All those wonderful things. When you’re presented with the idea of making three films in different eras, “1994” and “1666” share the same cast, which for practical reasons makes sense when you see the films, but also cements this idea of how history can repeat itself or rhyme – was that actually something you thought about from the start?
Yes, history repeating itself and cycles of time, things that happened in the past made right and the idea of fate and soulmates — these are all ideas I am obsessed with, so it felt like with these three movies, we had a chance to stay with the thing that’s been told throughout history [and show] how it needs to be changed because of X and X and X, so it was always a part of it. One of the earliest ideas was to use the cast from the ‘90s and the ‘70s in “1666” and I felt like that was really cool [because] beyond showing our characters representing versions of their characters [in different time periods], a lot of the characters that end up passing away and dying in the third movie are ones that live later on or vice versa, so it was always part of it and one of the things that I love personally.
These undoubtedly had to be planned down to the last detail before going into shooting, but was there any leeway once you got on set to rethink things about the next movie you were shooting after getting a sense of the tone or the feeling of the one you were in the middle of working on?
Yeah, we had a nice prep. I forget how many months it actually was and it was not enough. [laughs] I don’t know how long you would have to prep to properly plan for three movies. But we certainly still had a lot of loose ends once we started shooting and tonally, I knew where we were going to be for all three. My [director of photography] Caleb [Heymann] and I prepped a lot and it was the same with my art department, but one of the things that did happen organically on the camera side of things, we’d [recognize on set], “This frame here” or “this moment,” we can actually stage this moment similar to what we did in ’94, so there was a lot of finding those opportunities for framing and for blocking.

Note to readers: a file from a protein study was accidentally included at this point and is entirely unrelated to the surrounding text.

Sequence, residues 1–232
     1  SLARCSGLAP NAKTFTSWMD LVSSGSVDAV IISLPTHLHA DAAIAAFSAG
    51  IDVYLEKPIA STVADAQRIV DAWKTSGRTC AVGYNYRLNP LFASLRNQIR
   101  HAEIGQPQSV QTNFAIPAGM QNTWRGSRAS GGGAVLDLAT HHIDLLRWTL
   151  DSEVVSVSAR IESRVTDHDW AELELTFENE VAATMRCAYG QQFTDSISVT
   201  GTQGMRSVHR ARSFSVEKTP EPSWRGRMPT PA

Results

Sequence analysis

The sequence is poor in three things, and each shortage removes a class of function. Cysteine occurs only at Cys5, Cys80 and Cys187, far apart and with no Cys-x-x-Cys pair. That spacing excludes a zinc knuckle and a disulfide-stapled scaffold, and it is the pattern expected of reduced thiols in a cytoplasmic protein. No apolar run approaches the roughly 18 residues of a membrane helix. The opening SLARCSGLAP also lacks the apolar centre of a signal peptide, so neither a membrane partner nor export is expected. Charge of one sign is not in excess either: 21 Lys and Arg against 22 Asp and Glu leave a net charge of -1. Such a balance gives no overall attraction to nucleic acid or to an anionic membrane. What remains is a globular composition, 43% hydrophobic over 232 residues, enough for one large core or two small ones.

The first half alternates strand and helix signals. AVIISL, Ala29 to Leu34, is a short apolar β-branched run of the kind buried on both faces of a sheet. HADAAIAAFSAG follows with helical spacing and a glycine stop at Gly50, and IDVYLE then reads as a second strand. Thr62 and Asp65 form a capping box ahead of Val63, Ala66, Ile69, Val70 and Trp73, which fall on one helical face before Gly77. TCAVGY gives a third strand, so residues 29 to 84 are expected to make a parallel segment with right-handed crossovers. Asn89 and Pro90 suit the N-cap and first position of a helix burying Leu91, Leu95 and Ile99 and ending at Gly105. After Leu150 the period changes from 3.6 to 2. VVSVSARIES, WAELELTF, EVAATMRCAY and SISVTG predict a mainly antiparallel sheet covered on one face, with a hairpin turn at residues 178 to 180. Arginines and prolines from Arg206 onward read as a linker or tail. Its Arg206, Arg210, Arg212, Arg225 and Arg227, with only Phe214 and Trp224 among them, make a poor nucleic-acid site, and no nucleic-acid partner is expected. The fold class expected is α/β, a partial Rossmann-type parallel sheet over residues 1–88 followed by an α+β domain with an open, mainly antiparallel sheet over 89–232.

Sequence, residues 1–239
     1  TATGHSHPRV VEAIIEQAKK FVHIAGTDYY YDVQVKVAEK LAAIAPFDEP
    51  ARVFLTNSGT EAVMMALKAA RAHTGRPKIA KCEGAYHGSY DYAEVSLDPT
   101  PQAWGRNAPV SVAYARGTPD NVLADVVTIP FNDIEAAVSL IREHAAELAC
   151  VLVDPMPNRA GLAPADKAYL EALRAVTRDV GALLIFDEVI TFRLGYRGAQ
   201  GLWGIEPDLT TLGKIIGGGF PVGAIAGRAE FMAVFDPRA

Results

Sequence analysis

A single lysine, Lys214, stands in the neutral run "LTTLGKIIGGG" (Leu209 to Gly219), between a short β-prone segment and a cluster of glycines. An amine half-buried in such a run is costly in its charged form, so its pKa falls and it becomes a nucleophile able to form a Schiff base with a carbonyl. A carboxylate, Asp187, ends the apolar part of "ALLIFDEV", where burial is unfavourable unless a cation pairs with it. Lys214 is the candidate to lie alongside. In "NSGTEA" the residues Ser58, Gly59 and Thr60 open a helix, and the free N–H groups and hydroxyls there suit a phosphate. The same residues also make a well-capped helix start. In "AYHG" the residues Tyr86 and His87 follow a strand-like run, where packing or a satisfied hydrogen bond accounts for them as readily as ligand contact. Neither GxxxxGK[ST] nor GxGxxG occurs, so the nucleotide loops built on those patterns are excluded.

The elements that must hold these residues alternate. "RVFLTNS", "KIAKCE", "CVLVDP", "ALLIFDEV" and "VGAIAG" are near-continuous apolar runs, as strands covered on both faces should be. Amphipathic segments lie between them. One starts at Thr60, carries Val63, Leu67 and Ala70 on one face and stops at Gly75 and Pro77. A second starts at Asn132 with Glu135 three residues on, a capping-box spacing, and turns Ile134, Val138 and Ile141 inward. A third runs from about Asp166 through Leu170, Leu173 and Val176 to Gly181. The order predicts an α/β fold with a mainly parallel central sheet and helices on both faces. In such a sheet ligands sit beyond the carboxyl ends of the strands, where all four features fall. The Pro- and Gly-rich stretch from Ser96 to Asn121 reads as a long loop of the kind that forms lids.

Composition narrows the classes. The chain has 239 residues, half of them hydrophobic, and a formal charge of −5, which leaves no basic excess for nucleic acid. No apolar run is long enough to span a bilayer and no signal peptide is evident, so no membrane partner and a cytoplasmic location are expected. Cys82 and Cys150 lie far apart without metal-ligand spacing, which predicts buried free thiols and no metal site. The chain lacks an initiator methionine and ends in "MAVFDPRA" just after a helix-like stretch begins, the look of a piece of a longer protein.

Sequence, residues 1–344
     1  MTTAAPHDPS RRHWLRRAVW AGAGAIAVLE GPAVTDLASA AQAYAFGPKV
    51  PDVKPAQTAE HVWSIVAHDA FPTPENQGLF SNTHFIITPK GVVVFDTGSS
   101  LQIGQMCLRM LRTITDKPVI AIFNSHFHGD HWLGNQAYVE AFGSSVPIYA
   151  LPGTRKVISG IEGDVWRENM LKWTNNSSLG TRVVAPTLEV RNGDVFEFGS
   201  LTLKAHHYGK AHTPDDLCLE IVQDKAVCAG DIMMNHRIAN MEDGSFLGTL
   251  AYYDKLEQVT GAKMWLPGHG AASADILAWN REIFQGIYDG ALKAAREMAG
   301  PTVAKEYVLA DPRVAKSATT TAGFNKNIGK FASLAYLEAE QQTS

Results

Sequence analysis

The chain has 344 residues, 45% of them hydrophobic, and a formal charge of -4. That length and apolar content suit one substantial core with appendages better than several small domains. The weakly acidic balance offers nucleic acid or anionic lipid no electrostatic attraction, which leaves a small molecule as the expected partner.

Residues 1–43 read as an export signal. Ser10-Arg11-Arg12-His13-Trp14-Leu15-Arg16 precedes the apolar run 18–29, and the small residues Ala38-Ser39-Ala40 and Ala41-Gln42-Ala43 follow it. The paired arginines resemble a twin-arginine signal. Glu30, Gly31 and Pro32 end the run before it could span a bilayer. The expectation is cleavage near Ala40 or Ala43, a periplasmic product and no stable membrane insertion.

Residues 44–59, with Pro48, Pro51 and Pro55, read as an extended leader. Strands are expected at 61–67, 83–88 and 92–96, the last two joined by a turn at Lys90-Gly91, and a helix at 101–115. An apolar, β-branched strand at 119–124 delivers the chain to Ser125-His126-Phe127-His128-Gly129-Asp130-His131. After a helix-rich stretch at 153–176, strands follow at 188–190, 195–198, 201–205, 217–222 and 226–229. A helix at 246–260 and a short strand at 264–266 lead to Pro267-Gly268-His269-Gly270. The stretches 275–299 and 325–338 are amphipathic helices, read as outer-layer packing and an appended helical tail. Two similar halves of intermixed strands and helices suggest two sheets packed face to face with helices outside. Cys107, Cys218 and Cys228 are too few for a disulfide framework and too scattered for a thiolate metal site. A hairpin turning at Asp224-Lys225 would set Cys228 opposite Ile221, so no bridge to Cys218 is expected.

We called them “echoes” as we were shooting and the same thing happened with our locations and our space because [if] you’ve seen the movie, the geography is shared across the three movies. It’s like mall [in “1994”], camp [in “1978”], and village [in “1666” all are on the same land], so we would find ways to think about that, like what if we constructed this piece here so that under the mess hall is similar to being under the church and under the meeting house in 1666. Ultimately, that spewed over into editing too and when we got into post, Rachel [Goodlett Katz] and I would look and think, “We’ve got an opportunity here, let’s use a flashback or a flash here to really cement home things,” so it was an ongoing, really fun part of making the movies.
As in “Honeymoon,” you’re really able to use color as a strong element of the storytelling and now I know in one of your films, if you see orange and green colliding, something romantic’s about to happen. How did you come up with the lighting scheme for this?
That might be something that’s in my subconscious. [laughs] For these movies, it was really about the color schemes for each movie being different. For the ‘90s, we wanted to live in this ‘90s world, which was a little more straightforward, but we wanted to lift it up and make it a little brighter and more colorful, so I worked with Skip [Kimball], my colorist who’s amazing, to get this really poppy, contrasty, saturated look that really leaned into the lighting and the things that Caleb had created on the production side of things. My production designer Scott [Kuzio] also knew what that palette was going to be, so then when we moved into the ‘70s, we knew we were going to be living in a more warmer universe — we also had daylight, which we didn’t have very much of in ’94. [laughs] We were looking back at classic ‘70s movies and we put a lot of grain on that movie to give it that gritty Super 16 feeling. And 1666 was actually very interesting color-wise because the early conversations I had with my costume designer Amanda [Ford], she was bringing me stuff that had lots more pops of color than ultimately made sense, but we were really living in a very neutral palette across the board, so I think that ultimately was the right decision to be in this organic world of dirty browns, yellows, greens and blacks.